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Children With ‘Lazy Eye' At Increased Risk Of Disease In Adulthood

4 months, 1 week ago

4299  0
Posted on Mar 08, 2024, 3 p.m.

Adults who had amblyopia, which is often called ‘lazy eye', during childhood are more likely to experience obesity, metabolic syndrome, and hypertension, as well as an increased risk of heart attack in adulthood, according to a recent study led by the University College London (UCL) published in eClinicalMedicine. 

Amblyopia/lazy eye is when vision in one eye doesn’t develop properly, and it can be triggered by a squint of being long-sighted. The neurological condition develops when there is a breakdown in how the brain and eyes work together, and the brain is not able to properly process the visual signals from the affected eye. Typically, it causes reduced vision in one eye, though many children don’t notice until they are diagnosed during a vision test. 

For this study, the researchers utilized data from the UK Biobank to analyze data from over 126,000 participants between the ages of 40 to 69 years old who had undergone an ocular examination and provided details of whether they were treated for amblyopia in childhood or if they still had the condition. Participants also provided other health details such as if they had a medical diagnosis of high blood pressure, cardiovascular disease, diabetes, or cerebrovascular disease. Participant BMI, cholesterol levels, and blood glucose were measured throughout the study period and mortality was also tracked.

According to the researchers, of the 3,238 participants who reported having amblyopia as a child, 82.2% had persistent reduced vision in at least one eye as an adult. Those with ‘lazy eye' as a child were found to have 29% higher odds of developing diabetes, 25% higher odds of having hypertension, and 16% higher odds of having obesity. 

Those who had amblyopia as a child were also found to be at increased risk of heart attack even when other risk factors for these conditions were taken into account. Additionally, the increased risk of health problems was also found in some to some extent in those who had amblyopia as a child but had 20/20 vision as a child.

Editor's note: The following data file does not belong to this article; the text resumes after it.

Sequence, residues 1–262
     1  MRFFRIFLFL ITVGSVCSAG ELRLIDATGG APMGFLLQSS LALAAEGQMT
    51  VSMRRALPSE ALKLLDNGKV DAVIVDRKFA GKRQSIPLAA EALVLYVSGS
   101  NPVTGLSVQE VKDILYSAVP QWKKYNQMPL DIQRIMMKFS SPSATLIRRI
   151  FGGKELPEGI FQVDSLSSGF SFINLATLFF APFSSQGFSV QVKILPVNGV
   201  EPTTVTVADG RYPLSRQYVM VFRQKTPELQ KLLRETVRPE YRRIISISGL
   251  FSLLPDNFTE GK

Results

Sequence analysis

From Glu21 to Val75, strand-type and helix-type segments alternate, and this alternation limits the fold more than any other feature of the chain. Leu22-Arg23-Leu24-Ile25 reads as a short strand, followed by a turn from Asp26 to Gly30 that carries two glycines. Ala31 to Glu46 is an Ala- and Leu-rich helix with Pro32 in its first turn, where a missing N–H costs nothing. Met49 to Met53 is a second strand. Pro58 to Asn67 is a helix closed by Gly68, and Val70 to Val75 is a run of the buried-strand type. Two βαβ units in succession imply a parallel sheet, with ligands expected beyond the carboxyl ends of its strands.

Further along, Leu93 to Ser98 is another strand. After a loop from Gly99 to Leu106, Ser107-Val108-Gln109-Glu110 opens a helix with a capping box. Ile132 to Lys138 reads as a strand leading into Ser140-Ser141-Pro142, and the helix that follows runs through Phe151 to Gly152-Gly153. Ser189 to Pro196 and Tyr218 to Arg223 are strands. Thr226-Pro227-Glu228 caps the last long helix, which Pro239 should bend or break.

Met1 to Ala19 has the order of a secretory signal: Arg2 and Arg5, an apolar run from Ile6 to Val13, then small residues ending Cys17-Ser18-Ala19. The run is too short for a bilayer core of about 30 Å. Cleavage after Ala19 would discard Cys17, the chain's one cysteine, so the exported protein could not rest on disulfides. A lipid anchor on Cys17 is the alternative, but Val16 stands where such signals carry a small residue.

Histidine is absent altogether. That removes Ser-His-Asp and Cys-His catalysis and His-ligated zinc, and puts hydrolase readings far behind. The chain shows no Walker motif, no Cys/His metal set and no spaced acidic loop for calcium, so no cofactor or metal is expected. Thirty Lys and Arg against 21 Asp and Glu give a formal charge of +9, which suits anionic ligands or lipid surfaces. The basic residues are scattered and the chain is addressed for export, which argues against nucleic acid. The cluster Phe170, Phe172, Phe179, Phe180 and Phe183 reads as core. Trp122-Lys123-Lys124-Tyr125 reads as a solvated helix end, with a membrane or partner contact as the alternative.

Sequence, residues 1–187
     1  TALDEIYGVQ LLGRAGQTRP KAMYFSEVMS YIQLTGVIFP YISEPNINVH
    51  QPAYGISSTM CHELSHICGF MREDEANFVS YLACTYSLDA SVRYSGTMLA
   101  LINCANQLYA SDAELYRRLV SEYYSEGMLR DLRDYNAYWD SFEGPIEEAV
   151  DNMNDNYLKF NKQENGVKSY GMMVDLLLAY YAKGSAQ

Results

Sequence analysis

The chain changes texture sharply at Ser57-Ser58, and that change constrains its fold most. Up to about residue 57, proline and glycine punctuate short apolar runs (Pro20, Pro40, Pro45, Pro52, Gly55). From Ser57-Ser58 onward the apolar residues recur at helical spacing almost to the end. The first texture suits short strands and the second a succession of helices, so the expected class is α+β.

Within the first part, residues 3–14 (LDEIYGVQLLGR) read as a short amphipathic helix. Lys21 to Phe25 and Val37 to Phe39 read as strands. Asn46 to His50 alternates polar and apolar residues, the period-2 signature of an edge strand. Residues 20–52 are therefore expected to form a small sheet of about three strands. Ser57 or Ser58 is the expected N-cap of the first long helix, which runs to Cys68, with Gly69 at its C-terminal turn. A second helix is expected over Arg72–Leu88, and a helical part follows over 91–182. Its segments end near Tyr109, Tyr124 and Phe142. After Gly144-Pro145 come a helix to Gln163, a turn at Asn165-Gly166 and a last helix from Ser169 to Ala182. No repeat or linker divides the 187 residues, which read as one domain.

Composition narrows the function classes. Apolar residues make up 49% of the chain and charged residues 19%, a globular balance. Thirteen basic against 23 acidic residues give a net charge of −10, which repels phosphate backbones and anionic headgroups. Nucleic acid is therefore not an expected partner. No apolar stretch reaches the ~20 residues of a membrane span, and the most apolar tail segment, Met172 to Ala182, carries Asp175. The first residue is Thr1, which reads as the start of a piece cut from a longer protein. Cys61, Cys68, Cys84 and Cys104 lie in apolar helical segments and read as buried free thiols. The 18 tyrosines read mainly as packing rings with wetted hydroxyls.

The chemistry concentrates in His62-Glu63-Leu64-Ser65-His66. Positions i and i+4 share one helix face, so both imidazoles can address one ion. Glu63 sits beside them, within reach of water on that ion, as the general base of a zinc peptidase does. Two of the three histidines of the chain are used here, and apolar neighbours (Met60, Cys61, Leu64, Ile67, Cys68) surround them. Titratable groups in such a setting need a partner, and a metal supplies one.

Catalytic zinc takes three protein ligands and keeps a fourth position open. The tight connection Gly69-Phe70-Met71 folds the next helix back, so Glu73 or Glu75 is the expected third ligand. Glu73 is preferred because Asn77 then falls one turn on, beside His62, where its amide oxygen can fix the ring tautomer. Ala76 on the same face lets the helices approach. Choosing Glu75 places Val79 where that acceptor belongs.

"Amblyopia is an eye condition affecting up to four in 100 children. In the UK, all children are supposed to have vision screening before the age of five, to ensure a prompt diagnosis and relevant ophthalmic treatment,” said the corresponding author, Professor Jugnoo Rahi (UCL Great Ormond Street Institute for Child Health, UCL Institute of Ophthalmology and Great Ormond Street Hospital). 

"It is rare to have a 'marker' in childhood that is associated with increased risk of serious disease in adult life, and also one that is measured and known for every child -- because of population screening,” said Rahi. "The large numbers of affected children and their families, may want to think of our findings as an extra incentive for trying to achieve healthy lifestyles from childhood."

"Vision and the eyes are sentinels for overall health -- whether heart disease or metabolic disfunction, they are intimately linked with other organ systems. This is one of the reasons why we screen for good vision in both eyes,” said the first author, Dr Siegfried Wagner (UCL Institute of Ophthalmology and Moorfields Eye Hospital).

"We emphasise that our research does not show a causal relationship between amblyopia and ill health in adulthood. Our research means that the 'average' adult who had amblyopia as a child is more likely to develop these disorders than the 'average' adult who did not have amblyopia. The findings don't mean that every child with amblyopia will inevitably develop cardiometabolic disorders in adult life,” explains Wagner.

As with anything you read on the internet, this article should not be construed as medical advice; please talk to your doctor or primary care provider before changing your wellness routine. This article is not intended to provide a medical diagnosis, recommendation, treatment, or endorsement. These statements have not been evaluated by the Food and Drug Administration. 

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